As part of a massive telecommunications bill, Congress passed (and President Clinton signed), the Communications Decency Act (CDA). The CDA criminalized "indecent speech". On June 26, 1997 the United States Supreme Court overturned the CDA by upholding a unanimous Appeals Court decision overturning the law. This page summarizes the Appeals Court and Supreme Court rulings.
As it became apparent that the CDA would be overturned, the Clinton administration stated, through back channels to the press, that Clinton knew that the law was unconstitutional, but only signed it because it was an election year and he did not want to appear "soft on pornography". Such cynicism makes me grateful for the wisdom of the authors of the Constitution in establishing a strong federal judiciary that protects us from the excesses of politicians.
Congress shall make no law respecting an establishment of religion, or prohibiting the free exercise thereof; or abridging the freedom of speech, or of the press; or the right of the people peaceably to assemble, and to petition the Government for a redress of grievances.
Of all the limitations on government power, this is the one that I value the most. A free press guarantees all our other freedoms. As a voracious reader, I do not want anyone telling me what I can and cannot read. To paraphrase Benjamin Franklin, if an idea is bad, then publishing it will only expose it to criticism, if an idea is good, then the public benifits by seeing it in print. While I do believe that there should be libel laws for material published about private citizens, I believe that there should be no restrictions on fiction and few restrictions when it comes to public figures.
On June 11, 1996, the federal appeals court in Philadelphia granted a preliminary injunction against enforcement of the Communications Decency Act (CDA). The CDA was passed by congress as part of the telecommunications bill. The CDA attempts to place many of the same censorship restrictions on the Internet that exist for public broadcasting. The CDA was heavily backed by the Christian Right and its passage has been hailed as a victory by them.
The Appeals Court ruling was unanimous (3 to 0) in favor of granting the injunction against enforcement of the CDA. Of particular importance is the wording of the Appeals Court ruling, which was sharply critical of the CDA. The judges recognized that the Internet deserves the same protections afforded books and periodicals. The judges educated themselves about the Internet and provided a well thought out and well reasoned (though wordy) opinion. In injoining the CDA, the Third Circuit Court of Appeals showed the American legal system at its best, just as congress, in passing the CDA, showed politics at its worst. The edited highlights of the Appeals Court CDA ruling are provided here. The full text of the ruling is posted on a number of Internet sites, including Voter's Telecommunications Watch..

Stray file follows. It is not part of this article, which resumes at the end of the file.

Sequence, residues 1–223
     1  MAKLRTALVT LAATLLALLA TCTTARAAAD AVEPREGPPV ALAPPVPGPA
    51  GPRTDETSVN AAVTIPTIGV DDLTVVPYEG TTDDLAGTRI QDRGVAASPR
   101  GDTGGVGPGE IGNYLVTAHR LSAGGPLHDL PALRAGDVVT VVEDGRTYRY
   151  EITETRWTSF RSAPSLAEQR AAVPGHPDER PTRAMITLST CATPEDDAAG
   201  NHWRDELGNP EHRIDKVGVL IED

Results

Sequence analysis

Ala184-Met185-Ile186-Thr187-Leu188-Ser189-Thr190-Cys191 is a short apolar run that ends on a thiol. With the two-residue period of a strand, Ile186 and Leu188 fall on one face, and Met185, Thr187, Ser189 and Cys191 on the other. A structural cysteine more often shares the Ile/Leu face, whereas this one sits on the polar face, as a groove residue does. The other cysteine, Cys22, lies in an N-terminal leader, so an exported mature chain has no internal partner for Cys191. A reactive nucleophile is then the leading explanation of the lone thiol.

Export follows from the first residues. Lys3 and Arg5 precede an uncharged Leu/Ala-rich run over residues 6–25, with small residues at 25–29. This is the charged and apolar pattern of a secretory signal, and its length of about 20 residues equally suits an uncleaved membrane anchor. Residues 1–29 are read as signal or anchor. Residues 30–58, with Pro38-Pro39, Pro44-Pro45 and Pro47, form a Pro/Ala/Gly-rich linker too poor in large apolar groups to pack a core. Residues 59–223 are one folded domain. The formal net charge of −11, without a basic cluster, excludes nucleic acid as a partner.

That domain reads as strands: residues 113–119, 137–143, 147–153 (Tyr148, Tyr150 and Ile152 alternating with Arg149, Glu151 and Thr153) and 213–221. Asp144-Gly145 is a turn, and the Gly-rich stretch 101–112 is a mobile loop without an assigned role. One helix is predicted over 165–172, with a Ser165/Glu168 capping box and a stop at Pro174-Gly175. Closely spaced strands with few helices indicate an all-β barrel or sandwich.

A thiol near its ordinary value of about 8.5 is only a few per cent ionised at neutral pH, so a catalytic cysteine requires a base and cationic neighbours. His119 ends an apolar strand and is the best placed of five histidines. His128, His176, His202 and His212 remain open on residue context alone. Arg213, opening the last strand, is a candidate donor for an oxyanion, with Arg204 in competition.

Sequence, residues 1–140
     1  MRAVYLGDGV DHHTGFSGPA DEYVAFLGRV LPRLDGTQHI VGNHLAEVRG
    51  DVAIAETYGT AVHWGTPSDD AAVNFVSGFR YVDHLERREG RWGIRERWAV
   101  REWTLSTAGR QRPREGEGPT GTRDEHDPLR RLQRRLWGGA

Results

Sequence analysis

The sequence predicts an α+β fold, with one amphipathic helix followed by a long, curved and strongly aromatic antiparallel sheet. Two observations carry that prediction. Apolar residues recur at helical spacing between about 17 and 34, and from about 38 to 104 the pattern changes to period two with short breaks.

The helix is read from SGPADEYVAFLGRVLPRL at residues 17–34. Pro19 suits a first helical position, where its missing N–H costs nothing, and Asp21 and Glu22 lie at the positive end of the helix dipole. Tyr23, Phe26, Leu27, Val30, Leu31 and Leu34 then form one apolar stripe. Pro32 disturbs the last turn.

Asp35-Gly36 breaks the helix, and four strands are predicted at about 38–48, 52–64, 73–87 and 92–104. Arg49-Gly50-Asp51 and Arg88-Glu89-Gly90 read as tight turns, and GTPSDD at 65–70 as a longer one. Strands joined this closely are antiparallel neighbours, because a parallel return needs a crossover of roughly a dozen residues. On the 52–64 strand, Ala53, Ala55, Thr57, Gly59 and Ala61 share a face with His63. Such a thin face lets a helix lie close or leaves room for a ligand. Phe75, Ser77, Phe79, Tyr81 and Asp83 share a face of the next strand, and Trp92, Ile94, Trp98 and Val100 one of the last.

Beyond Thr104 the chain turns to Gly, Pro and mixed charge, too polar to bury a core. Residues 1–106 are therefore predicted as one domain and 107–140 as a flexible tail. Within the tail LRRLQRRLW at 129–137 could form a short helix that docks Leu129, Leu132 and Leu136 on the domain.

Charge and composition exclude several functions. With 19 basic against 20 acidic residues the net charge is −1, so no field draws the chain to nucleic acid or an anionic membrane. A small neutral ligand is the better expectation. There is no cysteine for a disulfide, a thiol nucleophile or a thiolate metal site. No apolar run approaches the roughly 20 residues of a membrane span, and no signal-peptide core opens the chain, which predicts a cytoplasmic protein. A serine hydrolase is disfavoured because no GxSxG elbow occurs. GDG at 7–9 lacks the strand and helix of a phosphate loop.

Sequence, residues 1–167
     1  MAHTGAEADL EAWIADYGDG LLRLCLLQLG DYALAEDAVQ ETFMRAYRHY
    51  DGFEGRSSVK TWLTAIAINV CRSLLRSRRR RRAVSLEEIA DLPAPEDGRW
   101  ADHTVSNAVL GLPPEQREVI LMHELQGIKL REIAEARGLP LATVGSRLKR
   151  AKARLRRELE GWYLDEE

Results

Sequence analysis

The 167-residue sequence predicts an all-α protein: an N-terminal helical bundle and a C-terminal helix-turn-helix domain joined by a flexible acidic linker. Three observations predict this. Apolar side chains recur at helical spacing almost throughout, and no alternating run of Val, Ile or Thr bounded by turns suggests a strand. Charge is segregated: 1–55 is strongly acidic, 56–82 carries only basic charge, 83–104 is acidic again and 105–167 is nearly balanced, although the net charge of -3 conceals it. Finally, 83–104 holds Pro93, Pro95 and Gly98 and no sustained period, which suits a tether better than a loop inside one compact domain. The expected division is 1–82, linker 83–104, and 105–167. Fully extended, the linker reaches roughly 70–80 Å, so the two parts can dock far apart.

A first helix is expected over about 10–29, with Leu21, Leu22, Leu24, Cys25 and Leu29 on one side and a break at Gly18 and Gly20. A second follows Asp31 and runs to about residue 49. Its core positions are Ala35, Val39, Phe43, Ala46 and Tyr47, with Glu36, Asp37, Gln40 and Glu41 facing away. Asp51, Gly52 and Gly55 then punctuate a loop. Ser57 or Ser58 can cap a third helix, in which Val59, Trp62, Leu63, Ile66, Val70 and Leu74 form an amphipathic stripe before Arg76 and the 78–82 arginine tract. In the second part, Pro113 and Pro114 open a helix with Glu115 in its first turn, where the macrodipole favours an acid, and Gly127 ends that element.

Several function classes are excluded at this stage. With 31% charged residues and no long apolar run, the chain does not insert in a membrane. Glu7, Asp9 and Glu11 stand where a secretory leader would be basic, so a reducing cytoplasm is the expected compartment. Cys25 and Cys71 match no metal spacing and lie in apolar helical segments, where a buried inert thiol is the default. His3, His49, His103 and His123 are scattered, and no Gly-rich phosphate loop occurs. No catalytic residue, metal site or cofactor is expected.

In a 7-2 opinion, the Supreme Court rejected the Clinton administration's arguments upholding the CDA. The two dissenting votes (Justices O'Connor and Rehnquist) dissented only in part, making the vote virtually unanimous. While the Supreme Court decision is not as inspiring a piece of writing as the Appeals Court decision, it catagoricly refutes each of the governments arguments for the CDA. Authoring the majority opinion, Justice Stevens writes:
We agree with the District Court's conclusion that the CDA places an unacceptably heavy burden on protected speech, and that the defenses do not constitute the sort of "narrow tailoring" that will save an otherwise pat- ently invalid unconstitutional provision. In Sable, 492 U. S., at 127, we remarked that the speech restriction at issue there amounted to "`burn[ing] the house to roast the pig.'" The CDA, casting a far darker shadow over free speech, threatens to torch a large segment of the Internet community.
In response to the governments argument that censoring the Internet will promote its development, Justice Stevens writes
We find this argument singularly unpersuasive. The dramatic expansion of this new marketplace of ideas contradicts the factual basis of this contention. The record demonstrates that the growth of the Internet has been and continues to be phenomenal. As a matter of constitutional tradition, in the absence of evidence to the contrary, we presume that governmental regulation of the content of speech is more likely to interfere with the free exchange of ideas than to encourage it. The interest in encouraging freedom of expression in a demo- cratic society outweighs any theoretical but unproven benefit of censorship.
An HTML version of this Supreme Court decision is available form Cornell. A text version is available here.
As a long time fan of William Gibson, author of Neuromancer, I was amused to see the term "cyberspace", which Gibson invented in Neuromancer, used repeatedly in the Supreme Court decision. Perhaps this Supreme Court decision will also overturn the idea that science fiction is not literature.
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